Legacy of Resistance: Le Pen Stirs Memories of WWII Persecution of French Jews
I come from a family of French Jews. During World War II, my great-grandfather fought in the French Resistance. I grew up hearing the story of him being taken to a concentration camp, which he survived, but his mom and nephew did not. Now, as the French presidential election is nearing, my family is closely following the news. On May 7th, we’ll know if France’s next president will be Emmanuel Macron, a career politician, or Marine Le Pen, a controversial outsider.
Le Pen has stirred concern because of her harsh stance on immigration, her father’s open anti-semitism, and her own overtly racist statements. Her popularity is awakening a familiar, bitter fear in many ethnic and religious minorities and French liberals–including those in my own family.
My mother’s side of the family came to the United States from Paris in 1948, immediately after World War II. My grandmother, who was born in Paris during the War, now lives in France part of the year.
And only a few years ago, I lived there too.
Between 5th and 7th grade, my family and I stayed in one of the most progressive parts of Paris, in the Latin Quarter. My classmates came from a range of backgrounds and religions. But in the schoolyard, I got used to a much higher level of casual racism and homophobia than I was used to as a white kid growing up in the Bay Area. One of my black classmates at my Parisian school was nicknamed “Mouton,” or “Sheep,” because of his hair. The verb “araber,” or “ to arab,” was slang for “to steal.” No one escaped being called “pédé,” or “homo,” at least once a day.
I am not saying that France is more racist than the US, but rather that the threshold for what is alright to say is much higher in France. This makes Marine Le Pen’s boldly racist rhetoric seem even more scary. When she accused black protestors of being “three bottles of rum and 800 blunts deep,” her words do not sound very different from the jokes Parisian elementary schoolers sarcastically throw around in the schoolyard.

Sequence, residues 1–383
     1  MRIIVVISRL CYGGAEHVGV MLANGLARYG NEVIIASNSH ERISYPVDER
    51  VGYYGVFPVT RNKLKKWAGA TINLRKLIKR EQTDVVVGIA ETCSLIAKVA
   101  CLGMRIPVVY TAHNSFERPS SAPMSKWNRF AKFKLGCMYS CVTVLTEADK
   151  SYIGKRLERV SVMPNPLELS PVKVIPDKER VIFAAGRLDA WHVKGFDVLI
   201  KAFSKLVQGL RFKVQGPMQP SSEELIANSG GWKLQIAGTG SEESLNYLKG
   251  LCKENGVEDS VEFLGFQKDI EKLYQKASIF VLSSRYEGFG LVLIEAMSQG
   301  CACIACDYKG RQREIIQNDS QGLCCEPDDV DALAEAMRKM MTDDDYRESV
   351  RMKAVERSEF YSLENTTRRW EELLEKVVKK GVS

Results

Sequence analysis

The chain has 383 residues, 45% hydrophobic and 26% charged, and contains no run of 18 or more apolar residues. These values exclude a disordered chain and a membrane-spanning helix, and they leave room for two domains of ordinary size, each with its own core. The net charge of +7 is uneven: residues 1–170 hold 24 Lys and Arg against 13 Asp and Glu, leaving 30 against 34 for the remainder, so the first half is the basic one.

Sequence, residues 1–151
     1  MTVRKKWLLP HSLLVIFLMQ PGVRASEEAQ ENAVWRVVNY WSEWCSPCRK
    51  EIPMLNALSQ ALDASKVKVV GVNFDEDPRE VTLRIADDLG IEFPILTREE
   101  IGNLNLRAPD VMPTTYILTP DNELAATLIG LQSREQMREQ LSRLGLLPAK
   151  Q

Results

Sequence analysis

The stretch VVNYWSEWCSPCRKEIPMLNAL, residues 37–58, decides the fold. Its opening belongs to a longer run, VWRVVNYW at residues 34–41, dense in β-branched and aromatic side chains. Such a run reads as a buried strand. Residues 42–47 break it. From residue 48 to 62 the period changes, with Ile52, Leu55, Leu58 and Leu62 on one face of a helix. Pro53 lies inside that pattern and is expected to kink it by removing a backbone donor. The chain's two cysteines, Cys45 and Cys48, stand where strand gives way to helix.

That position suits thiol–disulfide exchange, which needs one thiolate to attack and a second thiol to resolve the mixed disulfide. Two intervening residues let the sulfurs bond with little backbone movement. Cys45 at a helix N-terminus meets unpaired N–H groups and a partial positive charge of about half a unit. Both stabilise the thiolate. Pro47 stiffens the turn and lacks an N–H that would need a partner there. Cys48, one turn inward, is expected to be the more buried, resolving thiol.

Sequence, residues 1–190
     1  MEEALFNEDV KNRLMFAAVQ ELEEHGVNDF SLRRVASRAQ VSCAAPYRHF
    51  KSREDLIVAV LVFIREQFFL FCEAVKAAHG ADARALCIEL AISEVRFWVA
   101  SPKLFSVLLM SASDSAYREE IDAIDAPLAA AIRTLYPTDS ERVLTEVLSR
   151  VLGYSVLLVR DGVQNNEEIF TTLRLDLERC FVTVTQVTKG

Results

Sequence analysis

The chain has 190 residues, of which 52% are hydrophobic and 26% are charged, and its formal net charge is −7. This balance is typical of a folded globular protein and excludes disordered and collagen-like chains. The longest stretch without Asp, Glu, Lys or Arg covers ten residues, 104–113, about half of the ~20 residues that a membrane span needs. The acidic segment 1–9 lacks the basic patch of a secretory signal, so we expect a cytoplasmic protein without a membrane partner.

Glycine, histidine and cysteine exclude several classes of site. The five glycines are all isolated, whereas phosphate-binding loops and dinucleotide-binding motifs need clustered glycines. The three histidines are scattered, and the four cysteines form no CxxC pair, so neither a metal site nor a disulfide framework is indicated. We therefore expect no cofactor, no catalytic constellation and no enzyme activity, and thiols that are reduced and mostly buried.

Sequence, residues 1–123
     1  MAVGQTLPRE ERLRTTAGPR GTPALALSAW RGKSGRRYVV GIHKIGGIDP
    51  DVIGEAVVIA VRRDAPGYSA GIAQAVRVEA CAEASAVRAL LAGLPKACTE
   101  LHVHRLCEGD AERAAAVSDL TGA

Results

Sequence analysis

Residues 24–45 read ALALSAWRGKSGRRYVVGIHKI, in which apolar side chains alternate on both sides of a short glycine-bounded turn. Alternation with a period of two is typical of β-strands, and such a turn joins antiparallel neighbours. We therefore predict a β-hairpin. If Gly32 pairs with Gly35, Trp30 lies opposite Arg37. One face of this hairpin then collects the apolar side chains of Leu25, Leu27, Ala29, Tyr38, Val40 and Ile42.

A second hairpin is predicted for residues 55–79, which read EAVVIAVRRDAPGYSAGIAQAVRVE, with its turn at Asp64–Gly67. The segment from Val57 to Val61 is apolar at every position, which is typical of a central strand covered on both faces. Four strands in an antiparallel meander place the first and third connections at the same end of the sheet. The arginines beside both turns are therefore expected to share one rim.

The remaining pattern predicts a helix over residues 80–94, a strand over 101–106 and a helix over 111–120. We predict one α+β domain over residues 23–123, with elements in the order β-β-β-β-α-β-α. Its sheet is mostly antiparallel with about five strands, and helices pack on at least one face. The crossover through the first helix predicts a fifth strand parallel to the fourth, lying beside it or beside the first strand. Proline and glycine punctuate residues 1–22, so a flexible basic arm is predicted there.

So when I read the headlines about the election, I can’t help thinking about those experiences and wondering if the media might be wrong about Le Pen’s chances, especially with polls projecting that 19-22% of voters are planning on staying home on election day.
As for my grandmother, who is in Paris now, she alternates between feeling sure Macron will win and feeling terrified Le Pen might pull out an upset.
I wrote to her to ask her about the election. She wrote to me in French, which I’ve translated here to English.
Sometimes I realize that the people around me are not afraid and I find them to be complacent. But I think the collapse of the normal is not easily imaginable.
She compares the contemporary political moment to that of her own childhood.
I was born in 1940 so I was a baby and very small child. I do remember the fear, the dread, the bombs, the sirens, the shadows of men we were afraid of.
My grandmother says her father (my great-grandfather) rarely spoke to her about his work in the French Resistance. She keeps a big lockbox of his effects in her closet in Vermont. Recently, I dug through it. As I held in my hands his certificate of membership for the French Resistance, his false identification papers, and his correspondence with other Resistance members, I was connected to the past with an immediacy I’d never felt before.
Most people I know in France — my cousins, my friends — are fairly certain that Macron will win. French newspapers frame Le Pen’s chances as small. They say she could never be elected, because she’s too nationalistic and racist, and appeals only to a small population of racist nationalists.
But what if Le Pen’s racist rhetoric turns into more than just talk? The attitude of French citizens and news sources is remarkably similar to that of the American press about Donald Trump, until he won the presidency. Before November 8, most American liberals’ biggest fear about Trump was the slew of racism and sexism he unleashed.
That is why I am scared of Marine Le Pen. Like my grandmother, I’m worried that French citizens might not be worried enough.